I’ve been informed that the management at the WPI has decided that there will be no group in the clinic. The physicians will practice independently, rather than as the academic department I had envisioned. Thus there is no need for a clinical director and I have been given my pink slip, returning to volunteer status. I am disappointed by this decision, but remain completely supportive of the institute’s goals and the scientific effort. I still hope that further consideration will be given to my ideas in the future, when there are fewer obstacles than now, believing that a group would be a better way to manifest the translational research goals of the institute. I’ve launched the Physician Working Group and hope that the sharing of ideas in an ongoing way by this international group of medical practitioners will bear fruit.
I am relieved that there is no longer a question of who I am speaking for here. I write from my multiple perspectives as a doctor, a patient, the mother of a patient, the wife of a nearly recovered but symptomatic patient and the mother of a healthy son with subclinical signs of the illness. My practice is growing and my intention is to share my clinical impressions going forward. This is the 97th blog I’ve written in 15 months. I’ve never gone back and reread it, but from where I stand now, other than changing the URL to the plural, treatingxmrvs, I still believe pretty much what I’ve written. I am continually refining, but the basic concept hasn’t changed. Our illness is of retroviral origin, plus genetics, environment, injury. But a paradigm shift will be required to understand what has happened. That’s why the etiologic agent has been so hard to find. It isn’t one virus, one illness as required by the old paradigm. There’s too much sequence diversity, as Judy Mikovits and Frank Ruscetti have been reporting since the first negative studies. Too many viruses and parts of viruses. And people are working on it. A group in Wisconsin just uploaded sequences to GenBank that suggest more diversity than everybody has been looking for in all the negative PCR studies: Partial molecular cloning with novel consensus PCR primers of the murine JHK retrovirus of human origin, a variant of the Xenotropic murine leukemia virus-relatedvirus (XMRV): Xenotropic MuLV-related virus 5′ LTR, partial sequence; and gag protein (gag) gene, partial cps
The current technology is knocking at the door of solving it. Deep sequencing is beginning to be available, but still very expensive. XMRV has not yet been fully sequenced. VP62 was made in a lab from pieces of viruses taken from multiple tumors. Does it even occur naturally? It has been shown to be infectious in monkeys, but their antibodies don’t detect the strains present in humans, suggesting it’s different than whatever is infecting those humans. Zhang et al’s findings indicate that normal correct lab technique for retroviruses isn’t good enough for XMRV’s, which are not fastidious like HIV. Normal technique does not prevent spread throughout a clean lab in a matter of days. Therefore the contamination issues are serious and our best hope is that somebody develop a reliable serology test that picks up the whole group. A sensitive enough RT (reverse transcriptase) assay seems like it should work too.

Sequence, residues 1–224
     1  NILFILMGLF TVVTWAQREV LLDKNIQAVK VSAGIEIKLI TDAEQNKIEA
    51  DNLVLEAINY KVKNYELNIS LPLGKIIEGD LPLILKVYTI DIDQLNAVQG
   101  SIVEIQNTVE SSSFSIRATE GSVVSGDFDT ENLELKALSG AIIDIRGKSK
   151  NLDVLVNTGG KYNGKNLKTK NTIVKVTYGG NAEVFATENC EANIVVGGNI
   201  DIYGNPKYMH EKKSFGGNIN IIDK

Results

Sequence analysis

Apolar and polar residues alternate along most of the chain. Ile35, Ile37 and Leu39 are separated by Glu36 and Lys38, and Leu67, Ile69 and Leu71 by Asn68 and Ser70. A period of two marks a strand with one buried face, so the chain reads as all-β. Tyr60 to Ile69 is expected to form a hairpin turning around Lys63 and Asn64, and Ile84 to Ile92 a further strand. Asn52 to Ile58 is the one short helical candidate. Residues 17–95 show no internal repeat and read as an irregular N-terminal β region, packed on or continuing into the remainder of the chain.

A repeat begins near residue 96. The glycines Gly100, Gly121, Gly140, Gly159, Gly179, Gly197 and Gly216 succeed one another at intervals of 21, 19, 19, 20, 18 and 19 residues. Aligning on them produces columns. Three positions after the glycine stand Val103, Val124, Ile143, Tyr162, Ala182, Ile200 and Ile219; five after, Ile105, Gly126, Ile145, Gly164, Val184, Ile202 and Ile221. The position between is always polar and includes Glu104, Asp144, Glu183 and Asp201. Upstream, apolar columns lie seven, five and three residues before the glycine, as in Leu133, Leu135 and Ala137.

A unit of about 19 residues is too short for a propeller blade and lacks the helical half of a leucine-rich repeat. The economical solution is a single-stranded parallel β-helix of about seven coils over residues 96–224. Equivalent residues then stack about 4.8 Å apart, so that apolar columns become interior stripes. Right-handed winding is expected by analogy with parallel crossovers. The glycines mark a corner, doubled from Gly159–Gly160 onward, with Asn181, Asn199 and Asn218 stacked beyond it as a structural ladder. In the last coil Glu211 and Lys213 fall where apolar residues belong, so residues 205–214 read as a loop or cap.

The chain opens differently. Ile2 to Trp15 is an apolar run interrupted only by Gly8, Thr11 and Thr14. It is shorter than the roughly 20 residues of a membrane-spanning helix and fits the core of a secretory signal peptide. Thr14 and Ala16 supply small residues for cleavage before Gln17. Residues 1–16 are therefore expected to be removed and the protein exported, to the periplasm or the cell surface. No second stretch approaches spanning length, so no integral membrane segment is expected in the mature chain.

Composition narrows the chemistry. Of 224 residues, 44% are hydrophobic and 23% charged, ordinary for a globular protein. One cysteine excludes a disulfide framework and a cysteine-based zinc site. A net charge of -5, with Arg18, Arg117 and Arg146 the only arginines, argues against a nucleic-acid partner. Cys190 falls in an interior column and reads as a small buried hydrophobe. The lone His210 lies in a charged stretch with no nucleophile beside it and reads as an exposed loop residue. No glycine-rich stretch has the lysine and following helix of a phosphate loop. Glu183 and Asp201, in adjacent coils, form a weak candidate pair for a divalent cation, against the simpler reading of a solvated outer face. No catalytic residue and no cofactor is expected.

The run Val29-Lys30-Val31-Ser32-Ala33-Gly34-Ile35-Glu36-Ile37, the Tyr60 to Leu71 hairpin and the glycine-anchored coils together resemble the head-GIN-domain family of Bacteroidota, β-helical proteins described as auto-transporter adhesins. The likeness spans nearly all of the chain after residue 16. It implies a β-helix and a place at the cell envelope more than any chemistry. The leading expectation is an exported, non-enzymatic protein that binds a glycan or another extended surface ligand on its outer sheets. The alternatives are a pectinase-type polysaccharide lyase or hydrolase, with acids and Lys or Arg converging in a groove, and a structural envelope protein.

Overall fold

Oddly, just as I was writing this, the following came through on Co-Cure:
The FDA is investigating vaccines for contamination by a variety of latent viruses, including XMRV. They believe that cancer- and tumor-causing latent viruses may become active during the vaccine manufacturing process, and that some of these viruses are hard to detect with standard methods.
“Xenotropic murine leukemia virus-related virus (XMRV) is a recently discovered human retrovirus that has been found in both chronic fatigue syndrome and prostate cancer patients. Although these findings need further confirmation, there is a potential safety concern regarding XMRV in cell substrates used in vaccines and in transmission by blood transfusion and blood products. We are developing sensitive detection assays for XMRV to evaluate cell substrates and investigate virus transmission by blood transfusion in a monkey model.”
Read the entire article at
This is truly wonderful news!
From Age of Autism and Kent Heckenlively:
FDA to Investigate Vaccines for XMRV Retrovirus